Kumarappa’s later life 

After India’s independence, in 1947, Kumarappa worked for the Planning Commission of India which sought to develop national policies for agriculture and rural development. During this time, he travelled widely throughout East Asia and Europe to study various rural economic systems. However, a rift between him and the post-independence political establishment quickly began to form.  

Despite the early victories of Gandhian economics, the post-independence Indian establishment came to view the field with extreme skepticism, despite lionizing its early achievements as major victories of the Indian Independence Movement. The Congress Party, with whom Gandhiji was aligned with, adopted a more mainstream attitude to economics viewing industrialization, urbanization and the centralization of decision making through modernized bureaucracies as imperative for India’s development.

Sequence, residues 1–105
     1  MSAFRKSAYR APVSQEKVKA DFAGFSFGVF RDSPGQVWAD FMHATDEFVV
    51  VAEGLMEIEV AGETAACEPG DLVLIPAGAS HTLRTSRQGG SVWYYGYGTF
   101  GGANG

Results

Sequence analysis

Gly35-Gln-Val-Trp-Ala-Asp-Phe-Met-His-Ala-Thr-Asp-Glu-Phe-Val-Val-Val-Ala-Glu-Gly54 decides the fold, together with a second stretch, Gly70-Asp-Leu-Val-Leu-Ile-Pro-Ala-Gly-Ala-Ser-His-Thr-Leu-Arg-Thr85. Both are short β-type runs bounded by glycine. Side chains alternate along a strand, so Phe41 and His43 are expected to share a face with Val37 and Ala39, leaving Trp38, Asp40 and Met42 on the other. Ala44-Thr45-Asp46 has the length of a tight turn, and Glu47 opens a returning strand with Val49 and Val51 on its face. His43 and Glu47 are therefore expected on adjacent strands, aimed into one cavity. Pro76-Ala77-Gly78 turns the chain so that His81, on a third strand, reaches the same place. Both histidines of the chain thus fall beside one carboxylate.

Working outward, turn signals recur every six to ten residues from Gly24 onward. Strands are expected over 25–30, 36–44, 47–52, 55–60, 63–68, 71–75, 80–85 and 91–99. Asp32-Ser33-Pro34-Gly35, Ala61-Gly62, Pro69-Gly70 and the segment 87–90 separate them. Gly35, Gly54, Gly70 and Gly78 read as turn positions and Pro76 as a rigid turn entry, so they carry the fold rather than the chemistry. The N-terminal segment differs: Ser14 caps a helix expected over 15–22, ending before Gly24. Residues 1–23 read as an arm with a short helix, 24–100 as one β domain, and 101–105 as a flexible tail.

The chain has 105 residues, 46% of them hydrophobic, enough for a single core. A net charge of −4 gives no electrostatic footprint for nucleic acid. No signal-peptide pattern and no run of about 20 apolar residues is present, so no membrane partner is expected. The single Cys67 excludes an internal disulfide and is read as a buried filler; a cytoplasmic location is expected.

Furthermore, decades as an independence activist made it difficult for Kumarappa to adjust to the conformity and hierarchy of the Indian bureaucracy and he quickly developed a reputation for outspokenness and defiance and did not hesitate to openly criticize his own government’s mismanagement and ineptitude. The Congress government began to view him as a growing irritant but were limited in their ability to control him. The public viewed Kumarappa as an incorruptible advocate for India’s rural poor and a hero of the independence era which meant disciplinary action would likely harm the government’s reputation more than Kumarappa’s.